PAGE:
Thursday, January 23, 2014

Time on Site is the Denominator

A major media company recently did a major redesign of their web site. When users complained about all the problems, and there were many, the sites (re)designers said the problems were the users' fault for not being familiar with the changes, and they pointed to an increase in the time users were spending on the site as proof that the redesign was successful.

It didn't occur to them that there was another very likely reason for the increased time on the site, namely that users were spending more time on the site because the site was harder to use and harder to navigate. In fact, parts of the redesign increased the number of steps needed to perform a number of common actions, sometimes significantly.

Underlying all this is that this major media company seems to not understand what time on site represents. It's not really their fault. Time on site is a phrase so prevalent these days that it gets 138 million hits on Google.

But here's the pivotal question: does the company get value from users spending more time on the site? In fact, they do not. Think about it this way. Which of the following two customers is more valuable to a clothing store?

  • Alex goes to the store, spends an hour trying on pants to find one that fits and looks good, buys the pants and leaves.
  • Pat goes to the store, tries on one pair of pants and discovers that they fit and look good, so buys them and leaves five minutes later.
The answer is obviously Pat, who left a happier customer. Because they hadn't spent an extra 55 minutes trying on pants, they are far more likely to buy other things, even before they leave, and they are more likely to tell their friends about their good experience.

If the store had measured time in store, they would have thought that Alex was a happier and better customer!

Time on site is still useful to measure — but in a different way. Here are two straightforward equations:

        value received by users 
time on site
 value received by site (e.g., ad revenue) 
time on site

Notice that time on site is the denominator in both equations. The first roughly measures how well you're satisfying your users while they're on your site, while the second roughly measures income over time.

Having visitors to your brick and mortar store costs you money, in terms of employee costs, utility costs, etc., even if the visitor buys nothing. The more visitors you have, the more employees you need, even if the visitors buy nothing. The same is true of your web site. Every minute somebody spends on your web site costs you for server time. Although the absolute cost may be smaller, it is not zero. The formulas above are obvious when you think about that plus the old standard ROI, or return on investment. If you measure and worry about about the return on investment for time on site, you'll have a much better understanding of how your site is doing.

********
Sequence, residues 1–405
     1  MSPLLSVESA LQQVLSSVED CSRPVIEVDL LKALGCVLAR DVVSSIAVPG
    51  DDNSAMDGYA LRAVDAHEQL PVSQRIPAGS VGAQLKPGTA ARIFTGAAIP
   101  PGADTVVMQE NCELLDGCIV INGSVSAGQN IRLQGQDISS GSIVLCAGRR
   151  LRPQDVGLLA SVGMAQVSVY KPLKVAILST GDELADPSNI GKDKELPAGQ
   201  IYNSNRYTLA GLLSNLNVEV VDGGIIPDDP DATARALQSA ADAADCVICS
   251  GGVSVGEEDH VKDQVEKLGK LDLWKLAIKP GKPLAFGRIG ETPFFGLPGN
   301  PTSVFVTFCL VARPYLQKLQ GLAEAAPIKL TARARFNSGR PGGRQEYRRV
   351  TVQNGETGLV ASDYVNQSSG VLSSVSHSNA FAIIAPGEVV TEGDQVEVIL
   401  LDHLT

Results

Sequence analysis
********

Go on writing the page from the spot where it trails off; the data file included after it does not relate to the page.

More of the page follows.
What if you have an entertainment property? My company, Puzzazz, is a puzzle technology company that has built a popular free puzzle app for iOS. You might think we should measure time in app because more time in the app must indicate happier users. Nope. Take the people who solve just the New York Times crossword in Puzzazz. Some people can solve a Sunday NYT puzzle in a few minutes; others take an hour or more. Can we draw any conclusions about a user's happiness from the time it takes them to solve the puzzle? No. Different users are not comparable to each other for many reasons and doing things like averaging their times across different puzzles to determine value is not mathematically sound. Instead, we can look at things like puzzles per session and puzzles finished divided by puzzles started. Whatever your site or product is, you should spend the time necessary to figure out what the relevant metrics are.

It's certainly true that measuring your site's value and effectiveness is far more complicated than I lay out here. But it is even more complicated than measuring a number like time on site and expecting it to tell you much by itself. Especially when you use it as the numerator instead of the denominator.


Carl Setzer said...

Thanks, Roy. I've heard so much about time on site, too, that I found myself caught up in that hype. Your ideas to measure this are something to explore further.